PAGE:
What to do when your beeswax wraps wear out

Beeswax wraps are the thing, no question. But what happens when they wear out? Don’t let it be landfill – it’s pretty simply to bring them back to like-new.


Whether you buy beeswax food covers or make your own, the coating will wear out over time. How quickly depends on how often you use and wash them. It’s reasonable to expect them to work well for a few months. A year is a proper stretch based on my own experience. Unused in a drawer maybe.

Sometimes they crease, sometimes they crack, and sometimes the coating flakes off. This is all easy to remedy, and wear out isn’t actually a terrible thing (I’ll explain more below). First let me tell you why tossing your beeswax wraps is no bueno.

Could cotton be worse than plastic?

Yes, if it’s treated as disposable. Cotton is a chemical laden crop that has no great end of life option. it follows that it’s best to keep textiles that have useful life in them in use.

  • Cotton = water + pesticide extravaganza. Cotton may be a renewable resource – it is a plant, after all – but a thirsty and pesticide-laden crop. Calling cotton a natural fibre is like calling a potato chip a vegetable. i.e. only partly true. And natural isn’t synonymous with harmless anyway (asbestos is a natural fibre). Natural also isn’t the same thing as sustainable. Witness the Aral sea before and after decades of irrigation for cotton production, if you need further convincing.
  • Textiles are not readily recyclable. There are technologies here and there, but for the most part, textile recycling is not a thing yet. We can compost some materials, but that’s more of a mitigation strategy than a boon to the soil microbiota.

Beeswax wraps are a better solution than plastic wrap, but only when they are kept and reused over a long period of time. We’re not just trying to break even by making these sorts of switches, but improve things.

Here’s what to do when your beeswax wraps wear out

Here’s how to revitalize beeswax wraps that have seen better days:

A quick hit in the oven: The simplest trick to refresh your beeswax wraps is to pop them into the oven on a baking sheet on low heat to remelt and distribute the wax. This will deal with any creasing and cracking. I reuse the same compostable parchment sheet from making the wraps to do this. If there’s a bit of wax still left on the parchment from making them the first time, all the better.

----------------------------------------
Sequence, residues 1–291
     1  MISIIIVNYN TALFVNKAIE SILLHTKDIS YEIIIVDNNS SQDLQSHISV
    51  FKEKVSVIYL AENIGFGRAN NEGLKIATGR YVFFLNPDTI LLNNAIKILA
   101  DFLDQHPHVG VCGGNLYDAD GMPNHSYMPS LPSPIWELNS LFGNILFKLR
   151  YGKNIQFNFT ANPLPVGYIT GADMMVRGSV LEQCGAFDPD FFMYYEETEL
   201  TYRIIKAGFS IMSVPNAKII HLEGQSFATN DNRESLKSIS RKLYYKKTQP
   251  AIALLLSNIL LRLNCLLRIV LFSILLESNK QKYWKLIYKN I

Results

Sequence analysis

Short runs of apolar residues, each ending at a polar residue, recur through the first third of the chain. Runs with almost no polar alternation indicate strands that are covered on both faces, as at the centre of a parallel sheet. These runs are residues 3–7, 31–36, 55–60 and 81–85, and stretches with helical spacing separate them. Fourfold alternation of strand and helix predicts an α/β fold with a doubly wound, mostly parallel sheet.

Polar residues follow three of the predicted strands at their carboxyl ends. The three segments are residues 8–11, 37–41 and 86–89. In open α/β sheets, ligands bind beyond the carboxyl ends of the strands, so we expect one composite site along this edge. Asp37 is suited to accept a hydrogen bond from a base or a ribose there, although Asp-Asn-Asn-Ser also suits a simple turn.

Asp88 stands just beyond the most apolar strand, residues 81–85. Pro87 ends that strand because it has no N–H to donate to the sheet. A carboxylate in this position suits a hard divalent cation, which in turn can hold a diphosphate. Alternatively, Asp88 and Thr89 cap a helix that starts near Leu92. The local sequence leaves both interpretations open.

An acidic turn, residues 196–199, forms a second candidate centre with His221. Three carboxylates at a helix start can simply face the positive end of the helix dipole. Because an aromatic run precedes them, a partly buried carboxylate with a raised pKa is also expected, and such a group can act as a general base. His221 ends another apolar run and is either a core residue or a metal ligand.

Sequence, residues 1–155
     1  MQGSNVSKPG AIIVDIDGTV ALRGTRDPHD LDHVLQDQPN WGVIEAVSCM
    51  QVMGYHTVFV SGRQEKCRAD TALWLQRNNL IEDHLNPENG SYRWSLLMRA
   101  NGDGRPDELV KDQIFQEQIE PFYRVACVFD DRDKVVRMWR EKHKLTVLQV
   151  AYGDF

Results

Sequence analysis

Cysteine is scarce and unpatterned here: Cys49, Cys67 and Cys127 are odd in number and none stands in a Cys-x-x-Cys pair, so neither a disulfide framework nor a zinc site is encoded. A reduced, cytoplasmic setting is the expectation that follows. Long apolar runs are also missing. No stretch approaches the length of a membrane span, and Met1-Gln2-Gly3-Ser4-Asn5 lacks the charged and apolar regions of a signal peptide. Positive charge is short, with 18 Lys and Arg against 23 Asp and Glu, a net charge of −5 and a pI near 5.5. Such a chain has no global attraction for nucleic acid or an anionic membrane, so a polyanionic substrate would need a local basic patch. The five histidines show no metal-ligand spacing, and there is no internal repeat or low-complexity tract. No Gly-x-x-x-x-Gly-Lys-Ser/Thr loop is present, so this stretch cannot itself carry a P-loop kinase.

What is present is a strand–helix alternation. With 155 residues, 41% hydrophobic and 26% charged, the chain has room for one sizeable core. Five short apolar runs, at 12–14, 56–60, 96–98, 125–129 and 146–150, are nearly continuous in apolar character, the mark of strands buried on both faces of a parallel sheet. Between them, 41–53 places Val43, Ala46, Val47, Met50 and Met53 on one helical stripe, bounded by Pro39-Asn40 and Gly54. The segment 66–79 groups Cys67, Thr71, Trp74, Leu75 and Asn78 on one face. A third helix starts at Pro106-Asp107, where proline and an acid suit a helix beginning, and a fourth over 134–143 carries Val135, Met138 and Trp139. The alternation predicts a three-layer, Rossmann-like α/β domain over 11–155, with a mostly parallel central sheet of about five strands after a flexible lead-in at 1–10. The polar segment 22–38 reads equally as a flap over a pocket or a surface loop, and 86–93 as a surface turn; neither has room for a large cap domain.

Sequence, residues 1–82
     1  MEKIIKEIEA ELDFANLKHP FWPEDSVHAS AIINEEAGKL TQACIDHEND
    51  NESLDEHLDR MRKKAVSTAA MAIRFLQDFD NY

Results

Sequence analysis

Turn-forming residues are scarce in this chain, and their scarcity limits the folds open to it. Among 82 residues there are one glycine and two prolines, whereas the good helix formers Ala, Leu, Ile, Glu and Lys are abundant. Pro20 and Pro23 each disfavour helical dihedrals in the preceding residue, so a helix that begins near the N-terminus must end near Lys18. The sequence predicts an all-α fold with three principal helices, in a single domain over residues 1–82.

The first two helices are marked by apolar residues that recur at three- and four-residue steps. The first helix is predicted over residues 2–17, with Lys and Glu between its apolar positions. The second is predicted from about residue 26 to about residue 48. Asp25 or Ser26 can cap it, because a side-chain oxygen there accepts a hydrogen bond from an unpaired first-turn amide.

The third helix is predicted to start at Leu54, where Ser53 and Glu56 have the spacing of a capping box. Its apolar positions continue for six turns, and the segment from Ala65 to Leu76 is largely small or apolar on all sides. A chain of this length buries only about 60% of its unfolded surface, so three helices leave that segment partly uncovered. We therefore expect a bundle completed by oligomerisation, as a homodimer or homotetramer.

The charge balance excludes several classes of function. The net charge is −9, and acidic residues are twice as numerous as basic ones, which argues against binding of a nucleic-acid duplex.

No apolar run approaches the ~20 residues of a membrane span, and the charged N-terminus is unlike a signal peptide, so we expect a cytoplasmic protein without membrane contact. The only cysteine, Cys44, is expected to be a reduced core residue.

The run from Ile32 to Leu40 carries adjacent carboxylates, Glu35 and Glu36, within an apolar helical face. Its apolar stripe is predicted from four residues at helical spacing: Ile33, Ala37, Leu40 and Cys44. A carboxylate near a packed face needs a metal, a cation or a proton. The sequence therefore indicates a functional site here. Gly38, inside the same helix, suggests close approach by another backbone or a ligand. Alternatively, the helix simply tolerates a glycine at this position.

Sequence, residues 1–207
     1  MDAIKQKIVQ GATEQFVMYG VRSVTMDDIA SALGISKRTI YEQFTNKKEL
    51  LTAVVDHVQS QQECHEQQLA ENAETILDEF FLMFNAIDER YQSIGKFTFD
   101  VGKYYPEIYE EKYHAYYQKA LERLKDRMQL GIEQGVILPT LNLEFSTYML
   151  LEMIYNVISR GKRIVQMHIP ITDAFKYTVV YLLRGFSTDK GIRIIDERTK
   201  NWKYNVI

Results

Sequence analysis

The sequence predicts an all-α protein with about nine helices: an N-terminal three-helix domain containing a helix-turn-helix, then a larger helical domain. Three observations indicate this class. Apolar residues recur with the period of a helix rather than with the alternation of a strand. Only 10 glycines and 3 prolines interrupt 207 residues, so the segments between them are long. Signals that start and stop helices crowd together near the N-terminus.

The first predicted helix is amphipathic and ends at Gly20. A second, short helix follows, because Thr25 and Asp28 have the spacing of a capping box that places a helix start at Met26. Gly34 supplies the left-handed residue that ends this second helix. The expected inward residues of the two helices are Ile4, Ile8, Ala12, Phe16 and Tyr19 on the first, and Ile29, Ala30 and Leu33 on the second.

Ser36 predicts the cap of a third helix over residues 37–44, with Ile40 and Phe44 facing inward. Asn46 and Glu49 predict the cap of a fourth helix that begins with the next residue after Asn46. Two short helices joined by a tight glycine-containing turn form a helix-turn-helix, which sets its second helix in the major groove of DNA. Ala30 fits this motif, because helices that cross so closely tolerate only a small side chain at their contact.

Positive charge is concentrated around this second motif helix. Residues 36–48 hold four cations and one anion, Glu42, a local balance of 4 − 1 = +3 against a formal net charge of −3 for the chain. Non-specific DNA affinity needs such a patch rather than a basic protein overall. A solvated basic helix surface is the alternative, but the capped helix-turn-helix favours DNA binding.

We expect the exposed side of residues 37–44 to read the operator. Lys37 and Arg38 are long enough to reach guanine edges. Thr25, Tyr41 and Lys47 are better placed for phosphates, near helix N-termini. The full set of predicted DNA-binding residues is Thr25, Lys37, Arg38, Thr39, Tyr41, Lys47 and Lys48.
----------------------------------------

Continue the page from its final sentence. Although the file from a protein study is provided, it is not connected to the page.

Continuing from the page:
OR

Deep clean and re-wax: If you want to clean up grubbier looking wraps, take the opportunity to do a hot soapy wash of the fabric. This may cause some of the wax to come off, which we normally try to avoid, but once in a while it’s okay. Hang the fabric in the hot sun to lift any stubborn stains, then follow either this simple wax recipe, or the more involved pine rosin formula to add a bit of wax back to the fabric.

OR

Keep using it in its half worn out state: If the fabric is in an awkward stage between waxed and worn out, it can still be used as a handy (and lightly water resistant) cloth for buying food on the go.

With the occasional refresh, your beeswax wraps will last a long time

If you’re thinking, this is too obvious to write about, I beg to differ. Especially since many people will be receiving these as gifts, and won’t have the experience of discovering just how easy they are to make or remake at home. I also see sellers promoting them as lasting ‘up to a year’, which implies an expiry on the wrap rather than just the coating. Also, a personal experience – a friend tossed hers after they wore out and only told me afterwards. The truth is that these could and should last an incredibly long time and are nearly endlessly reusable.